In August we celebrated the birth of our first grandchild (“Surely you’re not old enough to be a Grandad – I hear you cry!”) and I now I am often looking at the world in a different way because I am often challenged by looking to the future and wondering about the world our grandson will inherit and inhabit.
Ten years ago the Methodist Church, Baptist churches and the URC church compiled a report called ‘Hope in God’s future’. It was not just a report but also a study guide on the subject of ‘Christian Discipleship in the context of climate change’ and it still gives some in-depth attention to how Christians should respond the challenges affecting our environment. (If you are able, you can find the report on the Methodist web site or it’s still available to order from Methodist Publishing).
In some ways I feel the church has been quite slow to respond to the climate challenges facing us but I can also appreciate the shortage of funds and the need to prioritise on other things. It would be great if we could explore the possibility of installing solar panels on church roofs to provide for some of our water heating and lighting but despite the various grants available the capital costs are still high.
The report suggests that we must be hopeful Christians as we look towards a better world, one in which God’s promises for all people are certain and in which we celebrate God’s creation. But there is a danger that this hope means we think we don’t need to act because God will sort the problem out for us.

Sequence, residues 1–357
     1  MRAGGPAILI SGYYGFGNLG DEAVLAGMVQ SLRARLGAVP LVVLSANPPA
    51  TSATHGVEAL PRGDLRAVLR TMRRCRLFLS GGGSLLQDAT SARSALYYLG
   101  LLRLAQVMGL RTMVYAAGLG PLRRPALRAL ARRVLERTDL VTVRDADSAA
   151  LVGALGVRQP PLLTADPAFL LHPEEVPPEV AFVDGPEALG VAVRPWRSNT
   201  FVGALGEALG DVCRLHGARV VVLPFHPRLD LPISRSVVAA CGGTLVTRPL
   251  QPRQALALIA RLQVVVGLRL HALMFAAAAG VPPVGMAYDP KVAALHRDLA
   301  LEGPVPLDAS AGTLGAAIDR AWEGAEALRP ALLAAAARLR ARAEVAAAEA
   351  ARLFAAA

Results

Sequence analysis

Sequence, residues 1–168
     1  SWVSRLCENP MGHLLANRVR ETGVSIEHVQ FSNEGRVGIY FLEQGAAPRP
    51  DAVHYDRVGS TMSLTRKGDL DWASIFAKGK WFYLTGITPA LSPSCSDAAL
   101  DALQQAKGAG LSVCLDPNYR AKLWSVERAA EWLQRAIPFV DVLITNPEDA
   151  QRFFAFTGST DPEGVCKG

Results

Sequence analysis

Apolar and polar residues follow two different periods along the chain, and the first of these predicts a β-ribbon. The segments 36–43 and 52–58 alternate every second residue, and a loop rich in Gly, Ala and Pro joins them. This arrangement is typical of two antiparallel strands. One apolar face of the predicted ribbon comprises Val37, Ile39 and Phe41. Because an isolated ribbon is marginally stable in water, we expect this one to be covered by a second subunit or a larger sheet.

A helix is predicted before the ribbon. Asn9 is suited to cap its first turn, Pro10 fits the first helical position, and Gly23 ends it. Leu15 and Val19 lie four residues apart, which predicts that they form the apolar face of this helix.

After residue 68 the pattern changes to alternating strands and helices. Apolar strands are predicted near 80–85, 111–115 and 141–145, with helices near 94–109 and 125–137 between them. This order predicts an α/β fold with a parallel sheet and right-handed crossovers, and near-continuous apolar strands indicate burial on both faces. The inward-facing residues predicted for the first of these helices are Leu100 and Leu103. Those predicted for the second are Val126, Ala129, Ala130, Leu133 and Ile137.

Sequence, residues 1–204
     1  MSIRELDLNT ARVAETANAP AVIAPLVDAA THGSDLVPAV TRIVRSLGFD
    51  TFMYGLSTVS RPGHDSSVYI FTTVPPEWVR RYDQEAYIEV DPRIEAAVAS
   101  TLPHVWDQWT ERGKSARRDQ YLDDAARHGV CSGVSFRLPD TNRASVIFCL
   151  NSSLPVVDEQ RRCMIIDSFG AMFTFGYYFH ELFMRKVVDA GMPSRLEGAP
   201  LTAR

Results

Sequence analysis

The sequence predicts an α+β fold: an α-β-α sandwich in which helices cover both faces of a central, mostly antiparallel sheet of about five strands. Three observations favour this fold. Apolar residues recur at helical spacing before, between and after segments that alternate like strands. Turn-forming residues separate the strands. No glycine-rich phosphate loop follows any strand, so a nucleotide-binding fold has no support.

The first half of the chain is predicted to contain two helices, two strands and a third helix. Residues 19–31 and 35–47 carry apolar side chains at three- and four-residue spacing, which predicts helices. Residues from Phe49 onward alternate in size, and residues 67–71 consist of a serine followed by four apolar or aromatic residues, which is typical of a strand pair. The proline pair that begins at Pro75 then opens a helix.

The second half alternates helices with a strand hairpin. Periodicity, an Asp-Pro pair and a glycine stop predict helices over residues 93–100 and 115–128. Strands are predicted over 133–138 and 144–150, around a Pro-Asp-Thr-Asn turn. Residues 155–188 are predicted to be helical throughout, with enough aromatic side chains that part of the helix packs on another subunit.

Paul in his letter to the Romans (6:1-2) says:
“What shall we say then? Shall we go on sinning, so that God’s grace may increase? By no means! We died to sin, how can we live in it any longer?”
And the report states:
“Hope in God’s future is, therefore, not an alternative to wise and moral actions in response to the situations that confront us. Christian hope guarantees that such faithful actions will not finally prove to be meaningless and ineffective but will find a place in God’s purpose for the redeeming of the world. Hope is thus a reason for bold action in the world in accordance with God’s will for creation, not an excuse for inaction”
So I want to commend the actions of young people and children who protest about climate change despite the inconsistencies of lifestyle and consumerism inherent in all modern day protesters. I will encourage all protests which work within the law especially by our children and young people to highlight the way in which my generation and others before it have misused God’s world.
There is hope in God’s world when we are ready to take action.
Deacon Richard Beckett